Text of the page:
He declared that he was In the case to
get justice for the stats of New Mexico
and that he had quashed two Juries be
cause he did not believe Justice could be
obtained " in" Otsro county. Then he
brought the case to Dona Ana county In
order to get a fair trial. He attacked
Holt's private life, his career in the state
senate and said that Holt had worked
to get a law passed preventing the
change of venue in criminal cases to
prevent this case from being changed
from Otero county, where a fair trial
could not be obtained.
Holt also declared that an effort had
been made to exclude Spanish-American
from the jury. This was objected to by
Holt, who declared It to be an effort to
prejudice the present Jury, which Is com
posed of eleven Spanish-Americans and,
one American. This objection was sus
tained. The case was expected to go to the
Jury late tonight as Judge Clancy's argu
ment was the last and Judge Nebietl'e
Instructions followed It.
MONTREAL, Sept. .-Ths Princess
theater, located on St Catherine street
la the heart of the city, was partly de-1
stroyed by fire today. The loas Is estl
soated at more than $100. Out, the Interior
being so badly damaged that It will be
neoessary to reconstruct the house. The
fire started from eieotrto wiring.
Russian War Authorities Anert
Teutons Suffered Terribly
in Battles About the
Muscovite Ax myNow Believed Ex
tricated from Perilous Posi
tion it Was In.
PETROORAD. Sept. 23. (Via
London.) The Russian military
authorities regard the withdrawal
from the very difficult position near
Vllna, which for a time seriously
menaced a large army, as rirtally
completed. They assert the Ger
mans have lost 250,000 men in their
recent operations In this region.
According to latest Information reoeived
here the line now runs from Osmlana to
Smorgon, which is on the left bank of
the Vlllya, west of Vlletka. From Smor
gon the line extends to Lebedevo, protect
ing; the Molodechno railway Junction.
Thence It parallels the Vilna-Ltda rail
way, crossing the Lida-Moiodeehno rail
way, and extrnulng across the Oasda
river at a point eighteen miles east of
Lid a. The line then runs to Novlny,
itolchad, Mllovldy, to the east of Lake
Vygonovskl and eastward along the Of
tnskl canal to Lyscha and the Junction
of the Jaslolda river, with the Wlna east
of Plnak. The remainder of the line Is
Russian officers admit that the new
front in the Vllna region la Interrupted
In planes. The region to the east of Llda
and south of Molodechne la intersected
by a multitude of rivulets. These are
embarrassing the German advance, neces
sitating a detour northward, and conse
quently co-operation between the German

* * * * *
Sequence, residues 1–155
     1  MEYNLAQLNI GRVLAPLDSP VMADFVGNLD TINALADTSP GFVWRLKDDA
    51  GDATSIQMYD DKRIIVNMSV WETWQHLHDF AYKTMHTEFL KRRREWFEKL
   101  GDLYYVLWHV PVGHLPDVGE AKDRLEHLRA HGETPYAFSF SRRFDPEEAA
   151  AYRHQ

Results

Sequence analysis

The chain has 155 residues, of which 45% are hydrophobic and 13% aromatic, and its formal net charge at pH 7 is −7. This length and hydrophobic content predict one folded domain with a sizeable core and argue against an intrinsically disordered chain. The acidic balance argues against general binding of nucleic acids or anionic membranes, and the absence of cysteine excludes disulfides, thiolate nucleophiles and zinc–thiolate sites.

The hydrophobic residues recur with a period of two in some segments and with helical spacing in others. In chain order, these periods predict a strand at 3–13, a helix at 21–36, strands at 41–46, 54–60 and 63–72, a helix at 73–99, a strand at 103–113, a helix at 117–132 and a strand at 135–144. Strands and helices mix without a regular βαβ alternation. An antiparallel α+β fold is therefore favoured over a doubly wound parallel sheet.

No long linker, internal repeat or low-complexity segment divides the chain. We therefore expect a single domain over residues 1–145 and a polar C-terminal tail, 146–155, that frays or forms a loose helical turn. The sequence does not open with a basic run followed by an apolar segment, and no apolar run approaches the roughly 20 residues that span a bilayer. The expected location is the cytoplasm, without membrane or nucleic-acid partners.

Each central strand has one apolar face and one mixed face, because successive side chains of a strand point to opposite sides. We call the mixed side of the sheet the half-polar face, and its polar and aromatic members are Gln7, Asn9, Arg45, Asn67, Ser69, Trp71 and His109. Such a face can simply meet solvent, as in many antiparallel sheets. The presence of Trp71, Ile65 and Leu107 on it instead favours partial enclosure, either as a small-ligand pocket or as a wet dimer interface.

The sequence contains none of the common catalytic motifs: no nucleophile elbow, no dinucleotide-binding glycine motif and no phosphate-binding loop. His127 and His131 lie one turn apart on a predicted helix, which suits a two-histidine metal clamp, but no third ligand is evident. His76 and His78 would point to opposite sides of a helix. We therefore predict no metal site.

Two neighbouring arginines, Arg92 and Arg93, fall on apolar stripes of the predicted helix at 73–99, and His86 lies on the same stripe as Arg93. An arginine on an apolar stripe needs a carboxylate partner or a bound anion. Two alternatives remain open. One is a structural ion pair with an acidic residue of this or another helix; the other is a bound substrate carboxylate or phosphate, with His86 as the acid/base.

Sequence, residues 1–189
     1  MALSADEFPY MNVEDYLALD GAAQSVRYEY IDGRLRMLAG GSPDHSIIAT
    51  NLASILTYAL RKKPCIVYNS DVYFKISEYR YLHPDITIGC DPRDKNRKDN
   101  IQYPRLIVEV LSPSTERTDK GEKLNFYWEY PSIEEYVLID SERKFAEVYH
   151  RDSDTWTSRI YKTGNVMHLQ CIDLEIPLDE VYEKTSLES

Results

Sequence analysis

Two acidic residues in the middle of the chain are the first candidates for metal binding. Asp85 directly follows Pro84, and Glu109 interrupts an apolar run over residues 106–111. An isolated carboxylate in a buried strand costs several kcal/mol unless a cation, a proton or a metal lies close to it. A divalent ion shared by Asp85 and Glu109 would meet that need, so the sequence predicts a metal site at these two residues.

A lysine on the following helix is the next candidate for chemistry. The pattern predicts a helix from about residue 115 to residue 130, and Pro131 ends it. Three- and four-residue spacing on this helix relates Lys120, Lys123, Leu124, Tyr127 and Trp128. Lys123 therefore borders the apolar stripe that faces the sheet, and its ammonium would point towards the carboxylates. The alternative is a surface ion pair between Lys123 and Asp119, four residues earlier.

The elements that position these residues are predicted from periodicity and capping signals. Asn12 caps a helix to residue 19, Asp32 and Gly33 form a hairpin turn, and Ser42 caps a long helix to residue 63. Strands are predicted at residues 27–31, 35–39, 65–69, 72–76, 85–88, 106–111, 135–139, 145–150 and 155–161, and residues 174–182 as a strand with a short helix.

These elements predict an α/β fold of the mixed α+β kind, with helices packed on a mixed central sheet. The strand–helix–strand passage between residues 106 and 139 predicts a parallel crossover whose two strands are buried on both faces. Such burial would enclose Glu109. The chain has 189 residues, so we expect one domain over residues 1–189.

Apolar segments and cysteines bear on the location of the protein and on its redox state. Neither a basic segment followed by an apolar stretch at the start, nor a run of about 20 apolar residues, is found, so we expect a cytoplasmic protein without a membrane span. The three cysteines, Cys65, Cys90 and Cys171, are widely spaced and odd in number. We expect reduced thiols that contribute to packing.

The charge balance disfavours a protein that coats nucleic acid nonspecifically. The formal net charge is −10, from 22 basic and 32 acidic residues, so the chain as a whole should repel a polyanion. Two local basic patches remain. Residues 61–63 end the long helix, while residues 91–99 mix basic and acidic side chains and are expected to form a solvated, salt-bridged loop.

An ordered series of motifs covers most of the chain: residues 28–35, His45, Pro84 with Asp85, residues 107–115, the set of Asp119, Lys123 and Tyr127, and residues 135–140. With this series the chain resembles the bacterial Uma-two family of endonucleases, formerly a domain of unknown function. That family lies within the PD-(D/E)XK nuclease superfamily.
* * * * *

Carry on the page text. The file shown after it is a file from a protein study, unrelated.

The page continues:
group In the vicinity of Vllna and that
near Llda will be difficult.
The Russians believe that the Qennaas
contemplate a rare for crossings of the
Bereslna river, particularly at Borlaaov,
thirty-eight miles northest of Minsk,
where Napoleon came to grief In 18U.
The Red Cross hospitals evacuated
Vllna In good order. Two local hospitals.
with SfiO wounded, remained la the city,
It being Impossible to move them.
Knropatkin Shares
Command of Armies
RERUN. Sept sV-fBr Wlramss to
hsayvfllaV - The report reached Berlin to.
jday from Fetrograd by way of Btoak holm
tn radloal changes In the leadership
or tne Kussian army, arreoung trae high-
est military officials, were sooa to be
This report was contained la a dispatch
from the Btookholm correspondent of the
Lokal AnseiKer, as given out here today
by the Overseas News agency. Quoting
from this dtsptech, the News agency says:
"The well Informed Russian press re
ports that Emperor Nicholas Is com
mander-in-chief of the Russian forces In
name only. The actual power la in the
hands of the exportenoed leaders. General
Poltvanoff, minister of war, and Oeneral
Kuropatkln. Plans soon will be con
summated for radloal reforms, including
reorganisation of the highest military
"The disorders which followed the
prorogation of the Duma were viol eat.
Work was stopped In a third af the
factories at the capital and there were
demonstration by crowds la the streets.
Oeneral Froloff, commander of the mili
tary dJstrlot of the capital. Issued a
proclamation te the workmen eaytag
that suspension f work wovld be re
garded by- Oeneral Ruosky as high trea
son and that although the nation - fett
heavily the events eoeurrtag m the war,
popular outbreaks were unjustifiable
'The dowager empress ha been desig
nated te assist th empress, whose oon
dltlcn of health Is such as to interfere
with the perform an oe of her duUea."
Boycott Aimed at
Germany Would
Hit Switzerland
BERLIN, Sept .-(By Wireless te
Tuckerton, N. J.) "Particulars of the
French-Italian economic conferenoe at
Cernobblo, Italy, are beginning to teak
out" says the Overseas News Agency
today. .